Age and Gender Differences in Blood Test Results

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Just because your blood test result is in the “normal” column, doesn’t mean your hormone level is healthy!

The truth is that when we are young, fertile and healthy our GH, Testosterone and Estradiol are at their peaks.  As we age they decrease and we become symptomatic because we do not have “optimal” young healthy levels any more. This is nature, as well as the reason these hormones are replaced as we age, to treat the symptoms of hormone deficiency and bring us back to youthful health.

Unfortunately, Labcorp and Quest as well as many other labs have not gotten the message that normal young healthy levels are the range of blood levels that should be listed on every person’s lab report.  Instead, they “guess” that if a woman is over 40, that you are menopausal and that the findings of a very low estradiol, testosterone and GH are “normal” for every woman.  Well it may be an average reading for women over 50, not 40, but what is average is not always healthy. The loss of these three hormones cause women to symptomatic with hot flashes and painful intercourse, loss of muscle mass, onset of obesity and inability to participate in physical activities.  These “natural” changes in our hormones are not healthy, and when we are checking lab we are looking for whether a person is healthy or not, right?  By looking at the normal for these three hormones we only find out that they are average for a woman over 40!

I have to explain this to every woman who comes into my office.  Just because the result is in the “normal” column, doesn’t mean your hormone level is healthy! If you don’t see the logic to this then let me explain the way we test for osteoporosis.  We do a Dexa scan that measures the thickness of your bones.  Then we compare your bones, no matter what age you are, to the bones of a 29 year old female.  Yep, a 29 year old female!  Why? Because that is when our bones are the thickest, and after that they start to thin at 1-2% per year.  If they compared old bones to the bones of other old women then no one would have an abnormal bone thickness!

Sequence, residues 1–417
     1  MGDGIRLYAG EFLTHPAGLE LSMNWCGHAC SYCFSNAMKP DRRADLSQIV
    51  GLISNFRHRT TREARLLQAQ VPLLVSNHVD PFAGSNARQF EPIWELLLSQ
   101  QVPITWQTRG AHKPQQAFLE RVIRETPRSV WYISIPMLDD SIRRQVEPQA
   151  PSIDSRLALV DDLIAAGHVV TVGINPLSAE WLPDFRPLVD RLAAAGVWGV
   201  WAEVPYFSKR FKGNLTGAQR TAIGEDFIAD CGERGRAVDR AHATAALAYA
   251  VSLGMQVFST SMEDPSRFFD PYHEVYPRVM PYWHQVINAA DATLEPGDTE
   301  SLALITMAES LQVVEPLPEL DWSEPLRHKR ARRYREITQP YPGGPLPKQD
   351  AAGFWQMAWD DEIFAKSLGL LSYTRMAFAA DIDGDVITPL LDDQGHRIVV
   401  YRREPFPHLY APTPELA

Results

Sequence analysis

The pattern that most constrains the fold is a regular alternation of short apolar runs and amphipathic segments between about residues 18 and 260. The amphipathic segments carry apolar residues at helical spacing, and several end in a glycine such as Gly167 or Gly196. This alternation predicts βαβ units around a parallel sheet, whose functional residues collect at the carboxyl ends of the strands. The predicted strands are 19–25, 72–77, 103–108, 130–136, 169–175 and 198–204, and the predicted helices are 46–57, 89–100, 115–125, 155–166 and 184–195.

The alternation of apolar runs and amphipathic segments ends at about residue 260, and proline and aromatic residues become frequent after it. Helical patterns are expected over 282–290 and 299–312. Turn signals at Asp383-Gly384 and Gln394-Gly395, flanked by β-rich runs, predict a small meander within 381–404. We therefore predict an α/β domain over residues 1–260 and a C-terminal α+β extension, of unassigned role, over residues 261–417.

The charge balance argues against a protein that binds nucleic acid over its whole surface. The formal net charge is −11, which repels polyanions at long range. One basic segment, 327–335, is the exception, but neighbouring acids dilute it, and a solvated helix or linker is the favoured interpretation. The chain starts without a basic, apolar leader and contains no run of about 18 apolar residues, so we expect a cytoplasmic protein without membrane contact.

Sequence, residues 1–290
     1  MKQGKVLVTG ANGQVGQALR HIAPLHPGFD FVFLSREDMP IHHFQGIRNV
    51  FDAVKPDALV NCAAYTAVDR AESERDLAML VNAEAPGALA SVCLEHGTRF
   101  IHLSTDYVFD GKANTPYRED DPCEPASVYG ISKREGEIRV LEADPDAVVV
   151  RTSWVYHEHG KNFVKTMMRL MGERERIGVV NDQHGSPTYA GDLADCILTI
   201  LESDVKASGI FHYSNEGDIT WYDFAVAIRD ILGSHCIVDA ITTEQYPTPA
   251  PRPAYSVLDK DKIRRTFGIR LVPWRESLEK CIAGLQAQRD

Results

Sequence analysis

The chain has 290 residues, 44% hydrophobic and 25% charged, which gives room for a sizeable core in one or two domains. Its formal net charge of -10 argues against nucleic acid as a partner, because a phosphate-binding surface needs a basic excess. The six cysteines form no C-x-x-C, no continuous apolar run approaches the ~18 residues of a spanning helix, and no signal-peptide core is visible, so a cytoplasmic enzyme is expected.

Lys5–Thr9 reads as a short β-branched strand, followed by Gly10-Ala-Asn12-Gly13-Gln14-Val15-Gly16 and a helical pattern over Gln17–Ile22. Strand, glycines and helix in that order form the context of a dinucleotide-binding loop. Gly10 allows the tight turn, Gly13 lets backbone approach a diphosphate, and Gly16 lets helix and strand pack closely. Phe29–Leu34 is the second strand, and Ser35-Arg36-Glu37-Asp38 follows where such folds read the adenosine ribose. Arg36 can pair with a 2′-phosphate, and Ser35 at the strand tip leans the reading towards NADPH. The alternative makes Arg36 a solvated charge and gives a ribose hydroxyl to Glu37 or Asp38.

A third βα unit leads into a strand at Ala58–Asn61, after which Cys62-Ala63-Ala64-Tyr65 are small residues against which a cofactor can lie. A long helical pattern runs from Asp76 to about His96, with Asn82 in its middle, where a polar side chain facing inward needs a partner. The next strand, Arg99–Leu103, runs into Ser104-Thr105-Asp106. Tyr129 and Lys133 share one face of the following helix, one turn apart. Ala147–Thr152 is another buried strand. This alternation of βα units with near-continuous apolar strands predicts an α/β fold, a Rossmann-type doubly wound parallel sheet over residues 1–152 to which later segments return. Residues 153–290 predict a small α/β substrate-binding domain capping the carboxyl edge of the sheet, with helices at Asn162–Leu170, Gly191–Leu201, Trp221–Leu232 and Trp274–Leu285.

Medicine has decided that it is ok to compare our bones to young healthy women, but they still believe that we should compare our declining hormones to other mature women who all have low hormones.  I don’t see the point in testing hormones at all if that is the way it is interpreted. That is why I list the young healthy normal for every hormone to compare my patients blood levels of Estradiol, Testosterone and Growth Hormone.

In addition to age-skewing of the “optimal or normal levels” of hormones, there are gender differences in the optimal levels for some hormones. Your doctor needs to know these differences and what they mean to your overall health as you age.

An example we would give is the TSH results that are reported on lab sheets are based on male normal ranges. For example, a normal TSH for women not on any thyroid medications should be between .4-2.5, while the normal for men is .4-4.5.  If you are higher than 2.5 and are a woman, you should be treated with thyroid hormone replacement, but you will be told you are normal because you fall in the normal range for men.

Lets look at how this impacts your treatment considerations. If you are female being judged by “male normal”, (Male TSH <4.4, and Female TSH < 2.5) and you have a TSH of 2.9 with symptoms of low thyroid, you will not be treated by a doctor who does not already know this difference.  He will say you are normal!  

The same normal for TSH is listed on the lab report for patients who are not on thyroid medication, and those who are on thyroid meds, BUT there is a different expected normal for patients who are on thyroid replacement, that is not reflected in the “normal levels”.  If you are on thyroid medication your TSH should be suppressed by the replacement hormones to less than 1.0.  If your doctor doesn’t know this, or forgets you are on thyroid replacement, then if your results come back with a TSH level of 2.0 while on thyroid medication,  your doctor will interpret the test saying that you are fine, when you really need more thyroid medication!  This is why a doctor should understand the tests they order, what conditions make the “normals”  ideal levels,  and the entire history of the patient that they are interpreting the tests for.  This is my understanding of why so many people are not treated with thyroid, or are given too low a dose.